Trump scraps DACA, Hurricane Irma looms, Zika treats cancer

Good morning, Quartz readers!

What to watch for today

Moon Jae-in and Shinzo Abe fly to Russia. The South Korean president and Japanese prime minister will be in Vladivostok for an economic summit. They may lobby for harsher sanctions against North Korea, which Putin has called a “road to nowhere.”

Narendra Modi visits Myanmar amid a worsening refugee crisis. The Indian prime minister will discuss the Myanmar government’s reprisals for an attack on its security forces. The violence has forced about 125,000 of the Rohingya ethnic minority to flee the country.

Pope Francis works toward reconciliation in Colombia. The pontiff helped to broker a peace deal between the government and FARC rebels, but it remains unpopular with the public.

While you were sleeping

Donald Trump ended a program that protected young migrants. The US president scrapped an Obama administration program that shielded about 1 million people who were brought illegally to the United States as children from deportation. The change will not take effect until March, giving lawmakers six months to find a solution.

A record-setting hurricane gained strength. Hurricane Irma became the most powerful storm to ever form in the open Atlantic, with winds of up to 185 mph (298 kph), as it headed toward Puerto Rico, Cuba, and Florida. Shares of cruise ship firms and insurance companies plunged in anticipation of massive potential damages.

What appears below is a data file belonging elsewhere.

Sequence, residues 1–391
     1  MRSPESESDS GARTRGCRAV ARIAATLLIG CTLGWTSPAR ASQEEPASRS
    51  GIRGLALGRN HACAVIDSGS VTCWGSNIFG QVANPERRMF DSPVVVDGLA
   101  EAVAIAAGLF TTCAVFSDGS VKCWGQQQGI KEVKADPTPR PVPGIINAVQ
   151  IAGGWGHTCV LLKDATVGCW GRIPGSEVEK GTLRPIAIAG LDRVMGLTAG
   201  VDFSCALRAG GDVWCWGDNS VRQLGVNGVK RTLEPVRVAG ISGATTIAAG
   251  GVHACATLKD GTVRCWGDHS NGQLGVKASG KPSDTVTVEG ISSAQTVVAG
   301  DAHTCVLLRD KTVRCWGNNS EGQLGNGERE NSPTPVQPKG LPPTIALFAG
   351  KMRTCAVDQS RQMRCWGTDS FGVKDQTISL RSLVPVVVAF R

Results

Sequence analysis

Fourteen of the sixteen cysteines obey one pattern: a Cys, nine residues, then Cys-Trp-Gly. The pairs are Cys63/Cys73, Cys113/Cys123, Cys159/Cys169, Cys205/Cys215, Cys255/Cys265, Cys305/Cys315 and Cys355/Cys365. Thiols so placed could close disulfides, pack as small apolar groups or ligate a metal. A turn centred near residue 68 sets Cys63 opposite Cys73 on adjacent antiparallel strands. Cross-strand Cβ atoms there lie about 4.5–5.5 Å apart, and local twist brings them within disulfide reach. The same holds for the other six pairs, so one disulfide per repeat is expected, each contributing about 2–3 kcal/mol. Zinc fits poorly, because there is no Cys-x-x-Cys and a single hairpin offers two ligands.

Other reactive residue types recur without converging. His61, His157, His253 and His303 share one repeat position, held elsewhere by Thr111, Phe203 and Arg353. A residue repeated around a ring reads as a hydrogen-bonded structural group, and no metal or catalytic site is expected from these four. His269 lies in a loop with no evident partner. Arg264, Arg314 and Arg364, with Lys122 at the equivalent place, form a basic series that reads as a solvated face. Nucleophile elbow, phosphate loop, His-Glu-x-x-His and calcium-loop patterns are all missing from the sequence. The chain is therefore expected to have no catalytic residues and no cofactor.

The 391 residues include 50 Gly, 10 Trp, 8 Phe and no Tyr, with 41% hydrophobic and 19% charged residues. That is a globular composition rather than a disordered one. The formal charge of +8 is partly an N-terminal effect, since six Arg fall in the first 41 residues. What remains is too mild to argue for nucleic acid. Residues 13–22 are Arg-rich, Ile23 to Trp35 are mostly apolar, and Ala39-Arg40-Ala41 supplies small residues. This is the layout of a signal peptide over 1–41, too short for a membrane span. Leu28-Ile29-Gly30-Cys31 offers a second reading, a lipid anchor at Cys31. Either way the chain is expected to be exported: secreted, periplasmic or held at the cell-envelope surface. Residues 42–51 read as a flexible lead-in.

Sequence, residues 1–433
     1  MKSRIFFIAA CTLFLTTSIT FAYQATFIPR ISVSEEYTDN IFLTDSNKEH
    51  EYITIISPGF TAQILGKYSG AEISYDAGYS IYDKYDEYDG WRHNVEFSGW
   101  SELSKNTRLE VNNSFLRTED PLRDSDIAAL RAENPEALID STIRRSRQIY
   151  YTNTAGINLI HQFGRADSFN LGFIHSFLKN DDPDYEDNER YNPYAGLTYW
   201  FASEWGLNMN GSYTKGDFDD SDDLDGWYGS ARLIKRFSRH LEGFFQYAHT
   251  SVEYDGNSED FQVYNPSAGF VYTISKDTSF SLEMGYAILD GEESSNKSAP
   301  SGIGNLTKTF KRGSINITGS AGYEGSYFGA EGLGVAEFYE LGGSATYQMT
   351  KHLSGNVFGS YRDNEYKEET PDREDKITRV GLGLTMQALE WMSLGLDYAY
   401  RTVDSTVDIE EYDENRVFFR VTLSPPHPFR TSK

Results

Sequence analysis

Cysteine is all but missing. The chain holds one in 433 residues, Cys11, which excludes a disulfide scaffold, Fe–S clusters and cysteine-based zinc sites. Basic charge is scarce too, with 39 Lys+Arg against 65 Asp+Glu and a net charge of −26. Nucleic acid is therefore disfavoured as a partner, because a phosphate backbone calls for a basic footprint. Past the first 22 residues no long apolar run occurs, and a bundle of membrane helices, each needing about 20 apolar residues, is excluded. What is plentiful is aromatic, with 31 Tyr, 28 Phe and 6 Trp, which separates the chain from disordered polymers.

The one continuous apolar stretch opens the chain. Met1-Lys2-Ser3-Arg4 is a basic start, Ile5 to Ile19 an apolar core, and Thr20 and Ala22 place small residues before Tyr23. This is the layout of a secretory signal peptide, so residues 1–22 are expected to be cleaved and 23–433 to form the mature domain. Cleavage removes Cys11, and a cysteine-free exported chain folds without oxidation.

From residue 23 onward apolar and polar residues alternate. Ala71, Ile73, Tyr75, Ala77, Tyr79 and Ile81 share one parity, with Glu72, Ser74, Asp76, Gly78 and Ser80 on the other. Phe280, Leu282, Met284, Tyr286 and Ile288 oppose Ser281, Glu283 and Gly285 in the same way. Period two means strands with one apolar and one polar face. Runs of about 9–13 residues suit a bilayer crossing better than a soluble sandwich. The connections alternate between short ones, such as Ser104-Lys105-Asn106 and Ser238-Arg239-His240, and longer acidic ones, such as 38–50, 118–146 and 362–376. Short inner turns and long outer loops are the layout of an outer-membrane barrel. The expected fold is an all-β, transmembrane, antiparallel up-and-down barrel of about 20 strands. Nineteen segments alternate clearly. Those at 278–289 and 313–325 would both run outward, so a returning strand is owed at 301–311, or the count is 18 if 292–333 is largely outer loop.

A billionaire bought the Houston Rockets for $2.2 billion. Landry CEO Tilman Fertitta paid a record price for an NBA team. The Rockets previously sold for $85 million in 1993.

An outspoken Indian journalist was shot dead in Bangalore.  Gauri Lankesh, a 55-year-old editor and activist, was known for articles that were critical of Hindu nationalists and the ruling Bharatiya Janata Party. She was killed by unidentified assailants as she exited her car near her home.

Quartz obsession interlude

John Detrixhe talks to Robert Shiller about bubbles: “The best example right now is bitcoin. And I think that has to do with the motivating quality of the bitcoin story. And I’ve seen it in my students at Yale. You start talking about bitcoin and they’re excited! And I think, what’s so exciting? You have to think like humanities people. What is this bitcoin story?” Read more here.

Markets haiku

As Kim’s bombs explode / and Irma threatens landfall / safe havens beckon.

Matters of debate

The cruise ship industry doesn’t care about pollution. A mid-size ship can emit as much daily exhaust as a million cars.

The world makes too much bread. An estimated one-third of US bread goes to waste, and surplus factory output is killing small bakeries in Europe.

Germany’s politics are boring in a good way. The lack of drama (except the occasional tomato) suggests that the country’s prosperity is in little danger from political malpractice.

Surprising discoveries

Drive-thru funeral service is now available in Japan. Elderly attendees can pay their respects without leaving their cars.

Cars are still designed using clay. Every major carmaker uses sculptors alongside sophisticated software.

Zika may be used to treat brain cancer. The virus shrank life-threatening tumors in animal trials.

The tiny fraction of studies that deny climate change are flawed. Scientists that replicated the research found biases and errors.

Amazon debuted a trendy new fashion line. “Find” features items like thigh-high boots made of velvet

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